We’re not being sarcastic. This course, to be offered at Georgetown Law in spring 2008, sounds awesome. To the average law student, it’s probably way more interesting than securities regulation (or even ERISA — one of our favorite law school classes). [FN1]
From the GULC course catalog:
The Law of “24″
Professor W. Sharp
LL.M Course 853 (cross-listed) | 2 credit hours
The award winning Fox Television drama series 24 explores America’s fictional response to international terrorism through the eyes of Jack Bauer, a U.S. counter-terrorism agent. Oftentimes without remorse or regard for the law, Agent Bauer is willing to do what has to be done when faced with the threat of kidnappings, assassinations, nuclear detonations, and bioterrorism on U.S. soil – despite traitors in his family, his unit, and the White House; partisan politics; sleeper cells; and hidden agendas.
This course provides a detailed understanding of a very wide-range of U.S. domestic and international legal issues concerning counterterrorism in the context of the utilitarian and sometimes desperate responses to terrorism raised by the plot of 24. Course requirements include active classroom discussion and a paper of approximately 25 pages.
If Jack Goldsmith’s new book is correct, it seems some members of the Bush Administration legal team might benefit from this class.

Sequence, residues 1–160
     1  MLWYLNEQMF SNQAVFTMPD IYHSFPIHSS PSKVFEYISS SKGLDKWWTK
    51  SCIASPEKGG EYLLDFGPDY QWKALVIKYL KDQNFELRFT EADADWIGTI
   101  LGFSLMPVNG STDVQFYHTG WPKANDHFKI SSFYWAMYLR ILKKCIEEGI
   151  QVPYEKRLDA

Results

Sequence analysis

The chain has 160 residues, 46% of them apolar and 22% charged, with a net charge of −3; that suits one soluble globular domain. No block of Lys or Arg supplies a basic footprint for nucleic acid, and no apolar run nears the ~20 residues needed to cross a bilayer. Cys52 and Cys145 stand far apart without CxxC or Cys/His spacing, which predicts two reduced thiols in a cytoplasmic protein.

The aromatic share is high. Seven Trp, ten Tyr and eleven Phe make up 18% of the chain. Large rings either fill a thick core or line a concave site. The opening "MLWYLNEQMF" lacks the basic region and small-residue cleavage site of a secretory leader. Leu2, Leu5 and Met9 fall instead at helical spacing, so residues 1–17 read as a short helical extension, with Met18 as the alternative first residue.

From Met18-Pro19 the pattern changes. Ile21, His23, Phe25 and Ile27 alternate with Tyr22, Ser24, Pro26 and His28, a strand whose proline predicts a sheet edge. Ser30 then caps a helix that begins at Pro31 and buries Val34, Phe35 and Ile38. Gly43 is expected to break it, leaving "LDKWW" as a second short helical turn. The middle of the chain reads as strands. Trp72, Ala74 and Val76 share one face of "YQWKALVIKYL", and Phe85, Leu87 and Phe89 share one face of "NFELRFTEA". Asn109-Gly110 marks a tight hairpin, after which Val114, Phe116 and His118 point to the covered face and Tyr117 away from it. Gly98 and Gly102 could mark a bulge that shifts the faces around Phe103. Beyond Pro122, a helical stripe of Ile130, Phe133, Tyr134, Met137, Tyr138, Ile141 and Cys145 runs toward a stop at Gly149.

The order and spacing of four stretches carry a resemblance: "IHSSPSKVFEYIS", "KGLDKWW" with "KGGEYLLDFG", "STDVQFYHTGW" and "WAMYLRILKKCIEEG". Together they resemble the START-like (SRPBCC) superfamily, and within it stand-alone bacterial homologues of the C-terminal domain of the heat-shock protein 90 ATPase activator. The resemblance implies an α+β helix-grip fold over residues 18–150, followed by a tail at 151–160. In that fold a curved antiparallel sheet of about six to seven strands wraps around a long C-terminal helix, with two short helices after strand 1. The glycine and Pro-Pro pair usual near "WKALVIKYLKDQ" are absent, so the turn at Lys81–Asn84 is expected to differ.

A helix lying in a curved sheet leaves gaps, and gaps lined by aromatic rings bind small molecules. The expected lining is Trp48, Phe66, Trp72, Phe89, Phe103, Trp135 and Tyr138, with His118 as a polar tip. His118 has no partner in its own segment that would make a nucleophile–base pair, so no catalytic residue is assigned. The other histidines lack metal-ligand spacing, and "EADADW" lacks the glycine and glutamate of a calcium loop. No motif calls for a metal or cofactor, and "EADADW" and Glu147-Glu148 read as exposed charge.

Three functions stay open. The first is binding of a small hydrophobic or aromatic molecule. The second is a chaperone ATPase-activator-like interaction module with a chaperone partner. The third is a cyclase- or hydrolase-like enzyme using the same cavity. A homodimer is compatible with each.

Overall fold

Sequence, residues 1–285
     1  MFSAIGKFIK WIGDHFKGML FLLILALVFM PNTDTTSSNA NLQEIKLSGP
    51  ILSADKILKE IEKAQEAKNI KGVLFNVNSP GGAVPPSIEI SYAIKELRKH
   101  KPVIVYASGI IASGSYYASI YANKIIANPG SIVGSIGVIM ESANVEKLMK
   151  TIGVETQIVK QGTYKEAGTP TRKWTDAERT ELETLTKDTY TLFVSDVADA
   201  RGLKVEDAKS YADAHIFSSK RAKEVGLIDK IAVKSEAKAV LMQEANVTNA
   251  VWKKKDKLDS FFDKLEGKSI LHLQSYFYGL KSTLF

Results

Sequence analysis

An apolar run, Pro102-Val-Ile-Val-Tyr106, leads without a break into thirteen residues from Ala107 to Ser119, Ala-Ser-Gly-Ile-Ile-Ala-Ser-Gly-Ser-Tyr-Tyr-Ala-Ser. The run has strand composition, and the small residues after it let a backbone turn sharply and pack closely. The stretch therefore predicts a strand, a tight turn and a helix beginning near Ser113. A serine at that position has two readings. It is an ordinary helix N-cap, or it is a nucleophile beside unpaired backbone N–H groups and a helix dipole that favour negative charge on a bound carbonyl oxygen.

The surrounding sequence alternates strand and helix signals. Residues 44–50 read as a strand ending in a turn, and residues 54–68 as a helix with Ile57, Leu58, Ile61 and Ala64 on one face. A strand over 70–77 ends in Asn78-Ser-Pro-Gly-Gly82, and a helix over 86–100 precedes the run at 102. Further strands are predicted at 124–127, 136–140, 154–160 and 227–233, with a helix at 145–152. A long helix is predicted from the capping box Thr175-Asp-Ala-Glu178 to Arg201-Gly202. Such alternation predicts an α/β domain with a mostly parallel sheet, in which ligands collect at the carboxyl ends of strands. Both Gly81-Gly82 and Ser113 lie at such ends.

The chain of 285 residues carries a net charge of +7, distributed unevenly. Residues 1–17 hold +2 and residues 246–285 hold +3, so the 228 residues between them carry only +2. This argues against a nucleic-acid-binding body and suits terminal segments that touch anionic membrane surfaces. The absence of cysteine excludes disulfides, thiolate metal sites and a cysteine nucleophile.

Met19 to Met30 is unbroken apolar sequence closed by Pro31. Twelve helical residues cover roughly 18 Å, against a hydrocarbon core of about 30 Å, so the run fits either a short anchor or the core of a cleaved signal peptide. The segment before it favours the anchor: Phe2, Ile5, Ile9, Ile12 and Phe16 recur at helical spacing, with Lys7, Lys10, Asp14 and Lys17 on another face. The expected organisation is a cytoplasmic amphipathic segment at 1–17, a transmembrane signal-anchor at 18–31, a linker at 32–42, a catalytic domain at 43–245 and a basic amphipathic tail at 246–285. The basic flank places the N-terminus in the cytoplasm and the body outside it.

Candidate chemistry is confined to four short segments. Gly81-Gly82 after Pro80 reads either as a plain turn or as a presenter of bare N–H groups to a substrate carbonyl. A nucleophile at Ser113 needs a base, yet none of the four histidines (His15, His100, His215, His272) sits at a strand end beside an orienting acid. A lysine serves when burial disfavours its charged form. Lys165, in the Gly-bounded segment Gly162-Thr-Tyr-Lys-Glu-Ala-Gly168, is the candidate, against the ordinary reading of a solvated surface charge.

The instructor, adjunct professor Walter Sharp, sounds pretty badass. He’s a Naval Academy grad who currently serves as Associate Deputy General Counsel for International Affairs at the Defense Department. He previously served as Deputy Legal Counsel to the Chairman of the Joint Chiefs of Staff. Pretty cool!
[FN1] We followed, with interest and amusement, this recent spirited commenters’ debate over whether you can get a “real” legal education at Yale. For those of you who care, we offer some thoughts on that subject after the jump.
The Law of “24″ [Georgetown University Law Center]
Faculty bio: Walter Gary Sharp [Georgetown University Law Center]
Okay. It’s true that some Yale Law School professors have a (perhaps unfortunate) disdain for the more practical aspects of the law. It’s true that in some courses, you’ll start deconstructing the applicable legal doctrines before you even know what they are. It’s true that the YLS course catalog brims over with offerings that make “The Law of 24″ look as traditional as Civ Pro (typically titled “Law and _____”).
But what’s BarBri for (other than violating antitrust laws)? Yale’s bar passage rate hovers around 95 percent. Clearly Yalies are capable of learning black-letter law when they have to (as several commenters noted).
And rest assured that you can immerse yourself in black-letter law at Yale if you so choose. During our time at Yale, in addition to the required 1L courses, we took Bankruptcy, ERISA, Tax, Advanced Tax, Crim Law, Crim Pro, Antitrust, Sentencing (a full year), Complex Civil Litigation, Legislation, and several other “real,” rigorous classes.
Law school: It’s really what you make of it.